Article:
Planning for the reconfiguration of Hydraulic Road’s intersection with U.S. 29 could begin sooner than expected.
“We look forward to the continued progress and movement, specifically with the Hydraulic Road Area Study, in order to keep Virginia moving through the Charlottesville area,” wrote Virginia Transportation Secretary Aubrey Layne in a recent letter to local officials.
Money for a study currently is not scheduled to be available until July at the earliest, which would complicate efforts for the region to apply for construction funding in the next round of the Virginia Department of Transportation’s Smart Scale prioritization process.
In 2014, the Commonwealth Transportation Board allocated more than $200 million for road projects as part of the Route 29 Solutions package of projects following the demise of the Western Bypass.
The Route 29 Solutions projects include the recently completed Rio Road underpass, as well as the widening of U.S. 29 to six lanes between Polo Grounds Road and Hollymead Town Center. Other projects are a northern extension of Hillsdale Drive, Berkmar Drive Extended and a second daily passenger train between Lynchburg and Washington.
Money also was set aside for two projects that wouldn’t be built until they are approved by the administration to follow that of Gov. Terry McAuliffe. $10 million was allocated for preliminary engineering for a grade-separated interchange at Hydraulic Road and U.S. 29 and another $10 million was reserved for design and construction of a southern extension of Hillsdale Drive.
However, the Hydraulic Road funding currently is not scheduled to be available until July 1, 2018. That’s the first day of fiscal year 2019. Funding for the Hillsdale project is not available until July 1, 2017.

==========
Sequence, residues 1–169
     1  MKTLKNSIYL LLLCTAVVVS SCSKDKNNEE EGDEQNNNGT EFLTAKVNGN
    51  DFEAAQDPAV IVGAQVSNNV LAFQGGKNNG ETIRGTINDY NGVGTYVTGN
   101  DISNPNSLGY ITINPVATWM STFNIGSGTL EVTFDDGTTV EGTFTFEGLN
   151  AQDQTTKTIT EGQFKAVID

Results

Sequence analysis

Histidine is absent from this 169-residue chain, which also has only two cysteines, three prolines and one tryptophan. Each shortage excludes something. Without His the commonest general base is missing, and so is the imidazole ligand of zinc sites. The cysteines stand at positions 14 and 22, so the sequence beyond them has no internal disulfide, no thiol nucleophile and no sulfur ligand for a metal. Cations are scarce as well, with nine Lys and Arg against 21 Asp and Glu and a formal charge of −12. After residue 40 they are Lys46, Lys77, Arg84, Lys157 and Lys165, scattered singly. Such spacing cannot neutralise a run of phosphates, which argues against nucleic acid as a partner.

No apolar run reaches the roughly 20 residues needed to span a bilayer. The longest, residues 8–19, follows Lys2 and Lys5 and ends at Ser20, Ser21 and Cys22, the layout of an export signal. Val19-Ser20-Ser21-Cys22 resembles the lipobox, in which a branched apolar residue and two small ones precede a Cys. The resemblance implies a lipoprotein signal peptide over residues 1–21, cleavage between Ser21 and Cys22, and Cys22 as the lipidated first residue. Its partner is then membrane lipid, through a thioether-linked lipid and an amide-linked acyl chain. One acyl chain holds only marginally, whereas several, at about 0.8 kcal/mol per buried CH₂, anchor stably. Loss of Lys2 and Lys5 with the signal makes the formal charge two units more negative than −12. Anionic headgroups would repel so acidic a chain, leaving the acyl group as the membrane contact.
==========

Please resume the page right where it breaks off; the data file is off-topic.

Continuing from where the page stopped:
“Once this process is complete, and based upon the findings, it will be decided whether this should be one or two construction projects,” said Chip Boyles, executive director of the Thomas Jefferson Planning District Commission. “Everything, even the possibility of a very revised or no construction project is dependent upon the study outcome.”
Earlier this year, the Charlottesville-Albemarle Metropolitan Planning Organization Policy Board passed a resolution asking that at least some of the funding be accelerated so planning can take place sooner.
“We are able to accommodate the acceleration of funds in order to begin the transportation study for the Hydraulic Road area,” Layne said.
Layne said $1 million in funding will be transferred to the project in the current fiscal year. Another $1 million will be made available for the study on July 1.
Boyles said this may be contingent on approval by the CTB.
The Thomas Jefferson Planning District Commission, which houses the MPO, will be responsible for coordinating a small-area plan for the vicinity of the intersection. The northwest quadrant is within Albemarle County whereas the other three quadrants are within Charlottesville city limits.
“A certain amount of land-use planning is required for accurate modeling for traffic analysis for the preliminary planning and engineering,” Boyles said.
Albemarle Supervisor Diantha McKeel, a member of the MPO Policy Board, said she looks forward to working with VDOT and the city on the study.
“Hydraulic and Hillsdale are in close proximity and areas of traffic congestion,” she said. “A design that ties together vehicular, pedestrian and bike improvements for both intersections will produce the best result for all our citizens.”
Funds for whatever project results from the plan will have to qualify through the Smart Scale process. The next application due date is Sept. 30, 2018.
The city, county and the MPO already have submitted their projects for fiscal year 2018.
VDOT will hold a public hearing in Culpeper on Dec. 15 to take public input on this year’s applications. Overall, 436 applications totaling $9.25 billion were submitted from 148 localities and regional planning groups.
Scores will be revealed in January and the CTB is expected to vote on the projects in June.